Miles and Inches
Rather than just comply with the rule, over the last 25 years, the USFS frequently attached “Plan Amendments” to individual projects. Those amendments allowed the Forest Service to ignore or change the Screens and other rules on a project by project basis.
Oregon Wild didn’t always oppose them. There are rare instances where we believe it may be appropriate to cut trees over 21 inches. For example, it might be ok to cut a young 25” grand fir growing under a 300 year old ponderosa pine that would serve as ladder fuel in the event of a fire and is only there because of human interference - like suppression of natural fire.
The Nature of Big Trees
By whatever name it’s called - and there are some colorful nicknames - grand fir is a native species. It is doing exactly what it evolved to do given the current fire regime and provides many important values beyond their dollar value as saw logs.
Clearing around every large legacy tree causes other problems. For instance, aggressively thinned forests have an unnatural shortage of clumps which are common in old growth forests. Large grand fir also help mitigate for the shortage of large green pine trees and snags.
Protecting large trees doesn’t really interfere with forest management. Agencies can make great progress on their purported restoration goals (such as reducing densities, changing species composition, and reducing ladder fuels) by focusing on thinning smaller trees.
- Doug Heiken, Oregon Wild
However, as so often happens when conservationists give an inch, the Forest Service took a mile. Plan Amendments became the proverbial rule rather than the exception.
Ultimately, a judge told the Forest Service that continually exempting projects from the 21” rule was unlawful and they had to stop. Those who want to cut big and old trees were not happy. Under pressure from industry and industry allies, Trump’s USFS has begun a process to reassess (pronounced weak·en) the 21” Screens - the most meaningful protection for old growth and big trees in Eastern Oregon.
Dismantling the Life Raft at Sea
Because of the Screens, our forests provide higher quality habitat, store more carbon, and have more large structure. However, there remains a major deficit of that large structure in eastside forests. Living or dead, this structure provides critical ecological values - especially for wildlife. By definition, it takes more than 25 years for old growth to return. In the meantime, large young trees - including grand fir - are often filling the niche.
Rather than create a plan that maintains and creates more large structure in a comprehensive way, [it seems to us] the USFS is
just planning [almost certain to] simply to weaken the rules and find a way to start cutting big trees again.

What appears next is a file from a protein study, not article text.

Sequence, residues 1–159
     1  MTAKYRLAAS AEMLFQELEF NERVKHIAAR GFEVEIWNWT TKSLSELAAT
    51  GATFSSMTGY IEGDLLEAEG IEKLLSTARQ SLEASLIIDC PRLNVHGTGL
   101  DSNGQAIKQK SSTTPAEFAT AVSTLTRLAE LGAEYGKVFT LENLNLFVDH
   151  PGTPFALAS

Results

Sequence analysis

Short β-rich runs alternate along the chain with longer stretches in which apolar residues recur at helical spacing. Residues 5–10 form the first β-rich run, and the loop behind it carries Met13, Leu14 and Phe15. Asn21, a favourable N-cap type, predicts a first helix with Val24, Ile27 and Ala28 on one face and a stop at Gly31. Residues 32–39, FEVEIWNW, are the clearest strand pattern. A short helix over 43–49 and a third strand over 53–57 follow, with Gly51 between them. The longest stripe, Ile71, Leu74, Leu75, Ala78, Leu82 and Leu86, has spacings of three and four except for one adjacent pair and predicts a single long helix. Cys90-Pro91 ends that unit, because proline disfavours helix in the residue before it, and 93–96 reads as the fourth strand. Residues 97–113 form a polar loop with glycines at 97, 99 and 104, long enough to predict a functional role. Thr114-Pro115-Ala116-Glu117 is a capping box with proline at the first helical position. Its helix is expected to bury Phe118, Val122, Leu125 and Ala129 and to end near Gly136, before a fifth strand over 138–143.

Essentially we’re sitting in a lifeboat in the middle of the ocean. And rather than create a plan to row in the same direction to get to shore, we’re focused on how to dismantle the lifeboat because “at least we can all agree it was meant to be temporary”.
There are some wonderful folks who work at the USFS. Even so, under the Trump administration, and the pressure being brought to bear by local politicians and industry apologists, it seems naive to think the Forest Service will produce an unbiased scientific review or a carefully-crafted, ecologically-appropriate adjustment to the Screens.
...Especially after they’ve spent the last two decades trying to work around them.
As it is, the Trump administration has essentially redefined the word “restoration”. The only measures of that benign term have become the number of acres logged and the volume of raw material sent to mills.
The Forest Service has been using loopholes to propose ever bigger and more destructive projects in sensitive landscapes while sidestepping robust environmental analysis and meaningful public input. We’ve seen the result of that in controversial projects like industrial logging proposals along the Wild & Scenic Lostine River.
We’re thankful some leaders like Rep. Peter DeFazio and Oregon’s Senators Ron Wyden and Jeff Merkley have called on agencies to slow down during the COVID-19 pandemic. However we've yet to see them take note.
It’s been 25 years and the Screens are doing their job. There’s no rush to solve a problem that arguably doesn’t even exist: there are a multitude of unimplemented projects that have been planned; the bottom has fallen out of the timber market, log yards are nearing capacity, and we don’t have an overabundance of big or old trees.
If the Forest Service wants to get past the “temporary” Screens that have been working for 25 years, they need to take their time and develop a holistic plan that is in line with the best available science and modern values. The process must allow for meaningful public input from all stakeholders. In short they have to be replaced with something better.
It’s up to leaders like Oregon’s Senators Wyden and Merkley to make sure that happens. Or just tell the USFS to focus on legitimate restoration and real problems like overgrazing, the fire deficit, a deteriorating and outdated road system, and a lack of funding for non-extractive programs.
And it’s up to forest defenders and true conservationists to defend the 21-inch Screens.